Since an Education Act contributed to the collapse of the Balfour government at the beginning of the century, arguments about schooling have torn asunder politicians south of the border in a way which is puzzling to Scots, who enjoy the reputation of having the greater interest in educational matters.
The Labour party's troubles over the school chosen by Harriet Harman for her son are an echo of the fierce controversies 30 years ago about comprehensive education. Indeed it is on the question of selection, which the Wilson government sought to outlaw, that Miss Harman has met conflict between family and political loyalty.
Because the comprehensive debates of the 1960s only touched Scottish education, rather than engulfing it, and because the upshot here was the abolition of selection from local authority schools, Miss Harman's problems seem alien and are a special affront to her party's supporters. But the right of parents to choose the best for their child should not be questioned.
Election as an MP on the strength of a party's manifesto does not remove the MP's right to self-determination. Provided their actions are honourable and in the open, they are a matter for individual conscience, tempered by the fact that the electorate may choose to judge them at the next election.
But the higher a politician rises the more exposed they become. The Labour leader and his shadow team, who include Miss Harman as one of their frequently paraded apologists, have declared education as a key election issue and have strongly reiterated the party's opposition to selection within the state system. Therefore sympathy for the plight of a shadow Cabinet member in choosing the best and bypassing a local school has to be tempered with the thought that any parent in Miss Harman's position must recognise the risk of hypocrisy or otherwise be accounted a fool.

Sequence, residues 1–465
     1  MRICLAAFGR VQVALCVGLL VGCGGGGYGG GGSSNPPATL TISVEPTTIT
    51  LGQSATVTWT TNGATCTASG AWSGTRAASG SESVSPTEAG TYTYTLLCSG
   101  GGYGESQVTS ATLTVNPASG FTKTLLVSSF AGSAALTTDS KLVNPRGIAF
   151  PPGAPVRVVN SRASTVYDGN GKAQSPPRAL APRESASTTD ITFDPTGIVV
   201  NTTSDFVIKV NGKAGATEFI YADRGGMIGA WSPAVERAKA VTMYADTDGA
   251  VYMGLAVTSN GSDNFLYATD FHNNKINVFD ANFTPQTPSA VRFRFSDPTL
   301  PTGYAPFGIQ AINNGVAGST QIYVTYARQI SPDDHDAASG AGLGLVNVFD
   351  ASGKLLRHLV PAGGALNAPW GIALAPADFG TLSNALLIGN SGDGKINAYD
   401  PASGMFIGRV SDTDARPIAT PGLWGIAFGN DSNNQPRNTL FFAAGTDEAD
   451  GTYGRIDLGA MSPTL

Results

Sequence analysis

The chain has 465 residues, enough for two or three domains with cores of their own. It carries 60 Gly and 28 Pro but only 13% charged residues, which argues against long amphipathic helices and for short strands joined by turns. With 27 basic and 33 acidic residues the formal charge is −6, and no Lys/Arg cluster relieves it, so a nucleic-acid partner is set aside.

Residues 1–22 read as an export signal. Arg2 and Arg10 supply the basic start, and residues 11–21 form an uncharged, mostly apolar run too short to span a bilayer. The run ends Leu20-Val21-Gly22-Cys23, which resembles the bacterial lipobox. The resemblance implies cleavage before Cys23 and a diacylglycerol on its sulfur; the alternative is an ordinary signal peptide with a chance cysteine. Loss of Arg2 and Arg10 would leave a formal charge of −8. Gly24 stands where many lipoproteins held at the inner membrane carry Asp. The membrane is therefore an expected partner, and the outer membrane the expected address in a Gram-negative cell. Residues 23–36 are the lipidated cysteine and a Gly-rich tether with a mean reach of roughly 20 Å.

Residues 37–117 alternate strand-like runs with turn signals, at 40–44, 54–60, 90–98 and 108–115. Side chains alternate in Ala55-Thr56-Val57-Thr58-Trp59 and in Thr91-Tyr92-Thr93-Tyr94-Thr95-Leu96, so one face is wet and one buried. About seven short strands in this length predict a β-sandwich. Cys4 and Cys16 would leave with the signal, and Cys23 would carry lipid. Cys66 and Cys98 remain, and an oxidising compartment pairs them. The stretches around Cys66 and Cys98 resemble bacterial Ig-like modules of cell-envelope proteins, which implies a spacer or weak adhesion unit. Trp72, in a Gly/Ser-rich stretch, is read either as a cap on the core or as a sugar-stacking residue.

The parallel with Conservative ministers who preach family values and ignore them by their own practice springs to mind, not least because Labour made such capital out of their embarrassment.
Mr Blair's supporters in Scotland were unhappy that he plumped for a grant-maintained school for his son. They are angry with Miss Harman for exposing the shallowness of Labour's principles. The party's "spin doctors" at Westminster seek to argue that in much of the country, especially those parts which Labour has to reconquer from the Conservatives, people will not share the activists' displeasure.
They point to parents' concern about educational standards and the state of some schools, especially in the cities. Miss Harman was only doing what hundreds of thousands of other parents would do, or would like to do. Therefore there will be no long-term political fall-out.
Such an attitude is as mistaken as it is unprincipled. Labour this week has shown that even on education, which like health is one of its strongest areas, its principles are too easily shaken.